The BRAINCIRC modelling environment
If you want to know about the project which led to the creation of the BRAINCIRC interface then please go to the main brain circulation model home page in the Department of Medical Physics and Bioengineering at UCL.
If you would like to download and run some models for the environment, then have a look here. Note that this repository will frequently be updated, and it cannot be guaranteed that every model in the repository is free of errors.
A key feature of the environment is that the processes of construction of models at a logical level, and of simulation of a particular numerical model, are separated. Thus it is possible to explore model structure at the level of its inputs, outputs and variables without the model being completely specified.
The environment is designed for three purposes. The first is to make it easy for non-mathematicians to input models as they might find them in published work, or on the web. A small ODE model, such as the Lorentz or the glycolytic oscillation models (both available here) can be constructed and run within a few minutes once you learn how to use the interface.
The second is to manage large and complex models and keep track of their structure and submodels within them. There are a lot of features of the environment (which I will gradually document) connected with this idea. Central is the notion that processes, (e.g. transport processes, or chemical reactions, or charge flows) rather than differential equations, should be central when designing models. The differential equations are then derived from the processes automatically by the environment. Of course it should also be easy to input models as a set of differential and algebraic equations as well.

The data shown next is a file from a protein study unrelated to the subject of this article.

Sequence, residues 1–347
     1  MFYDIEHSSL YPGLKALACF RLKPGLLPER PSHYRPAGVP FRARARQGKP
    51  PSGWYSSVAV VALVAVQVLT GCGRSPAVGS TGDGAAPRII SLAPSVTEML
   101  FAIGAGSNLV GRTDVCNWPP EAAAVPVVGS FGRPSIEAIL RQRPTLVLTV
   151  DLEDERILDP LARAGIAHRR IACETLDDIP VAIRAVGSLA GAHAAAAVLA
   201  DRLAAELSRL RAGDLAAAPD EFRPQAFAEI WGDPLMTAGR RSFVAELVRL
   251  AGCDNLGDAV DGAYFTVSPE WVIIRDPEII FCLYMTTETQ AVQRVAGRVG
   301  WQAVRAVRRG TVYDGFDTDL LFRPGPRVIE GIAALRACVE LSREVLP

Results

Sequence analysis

The third is to allow the future incorporation of more sophisticated tools for analysis of qualitative models, i.e. models whose processes have been specified, but with possibly absent functions/parameter values, so that simulations cannot be run. There is the potential for considerable analysis at this level of model structure alone, and some features of model behaviour will be predictable without simulation. In the not-too-distant future qualitative model analysis tools capable of going much further than the current tools, will be incorporated into the environment.